Zentz formed a quartet called The Minutemen at William & Mary, and began playing all the usual college gigs. He spent his summers in Virginia Beach, playing the club and coffeehouse circuit of the time---the Surfrider, the Lion's Den, the Upstairs "and a place called The Place.
"I came back to Old Dominion about halfway through my third year of college, and was really gigging a lot," he recalls. "I was starting to do a lot of solo stuff. I wound up as manager of a place called the Folk Ghetto in downtown Norfolk, two doors west of Freemason Abbey. One of the regulars there was Peter Torkelson, who became Peter Tork of The Monkees."
Zentz enlisted in the Coast Guard after college, spending much of his two years at sea writing songs.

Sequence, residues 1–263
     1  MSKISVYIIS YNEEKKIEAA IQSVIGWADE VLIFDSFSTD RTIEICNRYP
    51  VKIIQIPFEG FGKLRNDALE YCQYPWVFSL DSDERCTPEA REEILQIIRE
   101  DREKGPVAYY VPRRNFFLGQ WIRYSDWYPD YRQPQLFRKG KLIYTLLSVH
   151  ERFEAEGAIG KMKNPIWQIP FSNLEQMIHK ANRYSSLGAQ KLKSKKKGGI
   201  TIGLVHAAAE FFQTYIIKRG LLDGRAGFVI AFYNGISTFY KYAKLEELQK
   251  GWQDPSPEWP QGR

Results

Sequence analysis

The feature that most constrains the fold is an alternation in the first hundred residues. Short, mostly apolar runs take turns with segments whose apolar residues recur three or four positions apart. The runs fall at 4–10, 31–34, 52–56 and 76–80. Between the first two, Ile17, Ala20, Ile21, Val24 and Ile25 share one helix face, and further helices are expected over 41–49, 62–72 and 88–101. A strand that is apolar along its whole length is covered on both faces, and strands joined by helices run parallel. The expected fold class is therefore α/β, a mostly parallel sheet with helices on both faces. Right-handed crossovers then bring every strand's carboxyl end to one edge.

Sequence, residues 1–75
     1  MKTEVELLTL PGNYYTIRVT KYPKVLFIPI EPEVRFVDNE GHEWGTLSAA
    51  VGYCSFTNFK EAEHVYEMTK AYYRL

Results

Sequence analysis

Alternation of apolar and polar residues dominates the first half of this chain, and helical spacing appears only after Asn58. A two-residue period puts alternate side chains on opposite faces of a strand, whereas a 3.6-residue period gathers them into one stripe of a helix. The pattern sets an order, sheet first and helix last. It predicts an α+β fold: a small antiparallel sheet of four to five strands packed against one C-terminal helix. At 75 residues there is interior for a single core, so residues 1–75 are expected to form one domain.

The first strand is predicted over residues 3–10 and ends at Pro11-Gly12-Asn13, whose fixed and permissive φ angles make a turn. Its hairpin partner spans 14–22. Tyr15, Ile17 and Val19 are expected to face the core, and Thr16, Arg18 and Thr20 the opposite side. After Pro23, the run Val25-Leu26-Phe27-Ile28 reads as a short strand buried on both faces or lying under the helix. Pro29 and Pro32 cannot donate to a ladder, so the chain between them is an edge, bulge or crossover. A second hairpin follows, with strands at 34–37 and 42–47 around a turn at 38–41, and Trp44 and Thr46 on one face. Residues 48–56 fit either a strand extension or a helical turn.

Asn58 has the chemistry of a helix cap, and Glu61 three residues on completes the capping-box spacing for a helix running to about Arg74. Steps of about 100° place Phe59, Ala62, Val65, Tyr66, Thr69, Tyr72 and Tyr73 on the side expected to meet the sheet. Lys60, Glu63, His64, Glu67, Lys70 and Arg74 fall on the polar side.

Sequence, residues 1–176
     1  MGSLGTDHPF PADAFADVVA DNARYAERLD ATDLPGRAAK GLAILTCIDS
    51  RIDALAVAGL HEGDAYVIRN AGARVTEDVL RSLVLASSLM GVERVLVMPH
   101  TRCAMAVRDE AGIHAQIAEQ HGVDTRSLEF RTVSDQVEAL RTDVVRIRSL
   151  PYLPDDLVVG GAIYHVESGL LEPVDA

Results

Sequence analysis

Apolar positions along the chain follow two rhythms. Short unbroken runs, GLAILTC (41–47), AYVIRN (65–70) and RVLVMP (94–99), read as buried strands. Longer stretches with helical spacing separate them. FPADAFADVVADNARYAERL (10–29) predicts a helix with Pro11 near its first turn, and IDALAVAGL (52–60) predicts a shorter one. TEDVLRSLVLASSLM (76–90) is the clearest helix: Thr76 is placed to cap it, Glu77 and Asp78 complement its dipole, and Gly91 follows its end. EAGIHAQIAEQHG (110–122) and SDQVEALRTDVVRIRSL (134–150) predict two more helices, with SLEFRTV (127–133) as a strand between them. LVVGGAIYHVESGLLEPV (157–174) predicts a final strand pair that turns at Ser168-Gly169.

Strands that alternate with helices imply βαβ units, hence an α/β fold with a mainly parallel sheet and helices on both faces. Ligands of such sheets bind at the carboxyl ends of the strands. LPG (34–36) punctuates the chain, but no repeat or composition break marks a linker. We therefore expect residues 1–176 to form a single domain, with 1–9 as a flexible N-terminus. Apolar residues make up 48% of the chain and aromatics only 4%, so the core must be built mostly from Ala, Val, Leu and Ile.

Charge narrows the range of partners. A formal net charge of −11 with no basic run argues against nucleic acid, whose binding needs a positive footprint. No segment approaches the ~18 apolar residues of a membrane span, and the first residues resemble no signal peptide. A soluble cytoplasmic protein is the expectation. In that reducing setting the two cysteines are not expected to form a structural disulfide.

"One of the persons that I had met during those ill-spent summers at the Beach was a fellow named Ken Fritz, who went on to L. A. to become one of the management team for the Smothers Brothers. I sent this stuff to him, and he passed it on to their music director, [who] wrote me a letter saying 'as soon as you get out of the Coast Guard, you've got a job. Come on out to L. A. and be a writer for the Smothers Brothers.'
"Well, I was ready to do that after two years of taking orders! So I went out to L. A., sat in on a bunch of meetings in these rooms filled with people like Steve Martin, Mason Williams, John Hartford. I was all charged up and excited, came back to Norfolk and married my first wife. We drove out there and as we're crossing the San Bernardino mountains, we hear on the radio, 'the Smothers Brothers have just had this big battle with CBS over censorship and it looks like the show may be canceled.'
"And it certainly was. So, there we were in L. A."
He stayed in Los Angeles for three years, working in music stores and teaching lessons, including classes in guitar and songwriting at Long Beach University.